Submarines Interacting With Idiot Civilians

Here's an interesting story from the St. Petersburg Times about a fishing boat that saw USS Georgia (SSGN 728 729) surface south of Key West. Excerpts:
The sub, wrote Navy Commander Patrick W. McNally in an e-mail, was being used for routine dive training to prepare "operators for possible missions overseas." McNally wouldn't share specifics "due to the sensitive nature of special operations."
Schermerhorn and Marlowe learned that when five boats stocked with machine guns approached. Men in sunglasses and black fatigues told them to move 2,000 yards away. Marlowe grabbed the boat's wheel. Schermerhorn held his camera.
"Due to my extensive knowledge of the sea and out of concern for our national security, I took many photographs," said Schermerhorn, 48. "It's my obligation and duty to investigate."...
...It was all a little too Tom Clancy for Marlowe, a self-proclaimed Georgia boy who wanted only to fish. But Schermerhorn, who called the sub's activity "suspicious," has kept digging. He contacted the U.S. Coast Guard, the FBI and the Monroe County Sheriff's Office with his story. He may write a book.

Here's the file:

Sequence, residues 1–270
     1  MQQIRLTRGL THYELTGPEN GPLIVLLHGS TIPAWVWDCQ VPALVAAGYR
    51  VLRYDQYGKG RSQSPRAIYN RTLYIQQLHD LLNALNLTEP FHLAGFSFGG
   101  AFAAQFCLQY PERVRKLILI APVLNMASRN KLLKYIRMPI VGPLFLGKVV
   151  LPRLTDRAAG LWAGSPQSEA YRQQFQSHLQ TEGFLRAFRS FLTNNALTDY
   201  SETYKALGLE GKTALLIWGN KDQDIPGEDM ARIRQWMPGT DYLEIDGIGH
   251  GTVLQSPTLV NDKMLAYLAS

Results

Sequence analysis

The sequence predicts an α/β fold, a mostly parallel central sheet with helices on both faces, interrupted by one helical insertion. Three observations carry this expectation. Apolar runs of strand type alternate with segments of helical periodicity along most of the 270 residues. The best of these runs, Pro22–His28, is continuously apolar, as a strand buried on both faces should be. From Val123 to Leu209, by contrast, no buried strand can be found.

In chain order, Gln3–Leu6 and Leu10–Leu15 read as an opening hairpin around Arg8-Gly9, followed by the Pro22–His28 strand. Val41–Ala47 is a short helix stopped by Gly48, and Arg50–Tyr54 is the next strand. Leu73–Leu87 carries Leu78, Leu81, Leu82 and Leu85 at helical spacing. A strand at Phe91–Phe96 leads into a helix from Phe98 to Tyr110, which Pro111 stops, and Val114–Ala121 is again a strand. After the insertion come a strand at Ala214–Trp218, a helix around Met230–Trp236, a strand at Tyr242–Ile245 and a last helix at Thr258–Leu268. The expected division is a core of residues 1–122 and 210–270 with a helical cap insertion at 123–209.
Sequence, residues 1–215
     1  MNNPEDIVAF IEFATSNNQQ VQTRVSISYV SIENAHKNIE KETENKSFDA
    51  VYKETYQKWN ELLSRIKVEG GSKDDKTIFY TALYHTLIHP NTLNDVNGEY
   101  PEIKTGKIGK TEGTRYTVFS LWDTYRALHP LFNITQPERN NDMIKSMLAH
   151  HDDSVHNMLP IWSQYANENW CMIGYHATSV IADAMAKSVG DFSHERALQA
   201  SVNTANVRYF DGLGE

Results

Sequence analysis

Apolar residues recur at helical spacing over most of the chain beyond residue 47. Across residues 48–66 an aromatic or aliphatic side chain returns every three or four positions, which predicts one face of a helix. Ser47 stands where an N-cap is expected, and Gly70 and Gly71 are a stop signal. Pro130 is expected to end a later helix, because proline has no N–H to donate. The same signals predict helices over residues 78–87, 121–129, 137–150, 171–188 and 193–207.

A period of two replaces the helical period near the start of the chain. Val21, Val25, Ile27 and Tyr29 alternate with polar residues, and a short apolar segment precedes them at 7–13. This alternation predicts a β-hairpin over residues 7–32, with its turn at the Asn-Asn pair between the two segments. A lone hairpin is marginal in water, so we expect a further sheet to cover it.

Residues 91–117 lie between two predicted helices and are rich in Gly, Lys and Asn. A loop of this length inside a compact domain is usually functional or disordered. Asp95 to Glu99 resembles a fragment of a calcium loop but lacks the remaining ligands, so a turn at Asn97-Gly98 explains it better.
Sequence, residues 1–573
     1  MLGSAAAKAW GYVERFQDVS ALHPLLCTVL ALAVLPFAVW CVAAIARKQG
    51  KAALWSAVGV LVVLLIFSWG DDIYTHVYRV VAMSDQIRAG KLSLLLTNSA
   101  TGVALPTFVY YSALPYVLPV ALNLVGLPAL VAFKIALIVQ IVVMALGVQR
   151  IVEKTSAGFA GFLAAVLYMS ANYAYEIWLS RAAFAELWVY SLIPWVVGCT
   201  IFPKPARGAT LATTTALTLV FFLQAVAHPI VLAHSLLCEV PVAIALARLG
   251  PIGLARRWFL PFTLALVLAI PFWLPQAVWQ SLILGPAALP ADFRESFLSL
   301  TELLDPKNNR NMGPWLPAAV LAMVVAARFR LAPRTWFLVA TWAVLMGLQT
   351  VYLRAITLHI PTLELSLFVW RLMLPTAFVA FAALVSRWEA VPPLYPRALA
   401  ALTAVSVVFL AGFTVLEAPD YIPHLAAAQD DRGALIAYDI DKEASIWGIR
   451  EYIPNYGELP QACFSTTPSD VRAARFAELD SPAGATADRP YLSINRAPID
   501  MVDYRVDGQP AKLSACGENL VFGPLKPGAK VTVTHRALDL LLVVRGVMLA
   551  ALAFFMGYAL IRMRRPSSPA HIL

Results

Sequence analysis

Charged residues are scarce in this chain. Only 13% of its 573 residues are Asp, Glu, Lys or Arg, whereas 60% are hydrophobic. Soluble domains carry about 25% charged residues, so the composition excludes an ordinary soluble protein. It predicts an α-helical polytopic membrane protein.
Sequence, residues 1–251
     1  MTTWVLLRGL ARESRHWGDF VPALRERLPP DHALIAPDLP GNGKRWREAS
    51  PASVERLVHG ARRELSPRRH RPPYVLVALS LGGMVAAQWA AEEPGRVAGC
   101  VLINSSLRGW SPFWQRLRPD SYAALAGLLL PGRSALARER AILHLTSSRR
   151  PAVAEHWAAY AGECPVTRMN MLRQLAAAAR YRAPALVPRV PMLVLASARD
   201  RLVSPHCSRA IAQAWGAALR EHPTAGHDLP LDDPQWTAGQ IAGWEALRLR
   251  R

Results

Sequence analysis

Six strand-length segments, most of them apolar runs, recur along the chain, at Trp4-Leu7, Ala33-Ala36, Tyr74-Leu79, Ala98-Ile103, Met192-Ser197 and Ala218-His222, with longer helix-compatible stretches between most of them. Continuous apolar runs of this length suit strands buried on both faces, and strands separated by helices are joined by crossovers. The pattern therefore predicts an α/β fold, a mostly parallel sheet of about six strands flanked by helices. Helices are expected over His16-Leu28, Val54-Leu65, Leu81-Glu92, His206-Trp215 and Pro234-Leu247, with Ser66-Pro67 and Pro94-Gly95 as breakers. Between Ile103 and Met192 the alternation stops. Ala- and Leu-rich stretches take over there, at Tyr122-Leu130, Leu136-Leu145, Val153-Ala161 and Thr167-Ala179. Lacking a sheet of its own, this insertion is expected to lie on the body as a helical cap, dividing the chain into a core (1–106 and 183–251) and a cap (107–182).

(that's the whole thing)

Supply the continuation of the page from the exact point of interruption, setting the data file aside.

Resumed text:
Well, it's clear that this guy is a serious goob. He reminds me of the idiot civilians who try to get really close to submarines when we're entering and leaving port (especially in San Diego). "We don't care about the Rules of the Road, we just have to get this picture", they'll say. "Why are you sounding your horn 5 times when we just want to get close and take a fun picture?" When I was on Topeka, one of those idiots actually hit us; luckily, the Coast Guard was right there to cite them (and hopefully take away their keys.)

Nowadays, we have people with guns on the sail (which we didn't back in the early 90s), and I think the idiots recognize that we will shoot them if they get too close. Have you ever been hit by an idiot civilian while on a sub, or come close to having to fire warning shots at them because they have to get close to get that picture?

Edited 1730 19 Jun to correct a typo in the hull number.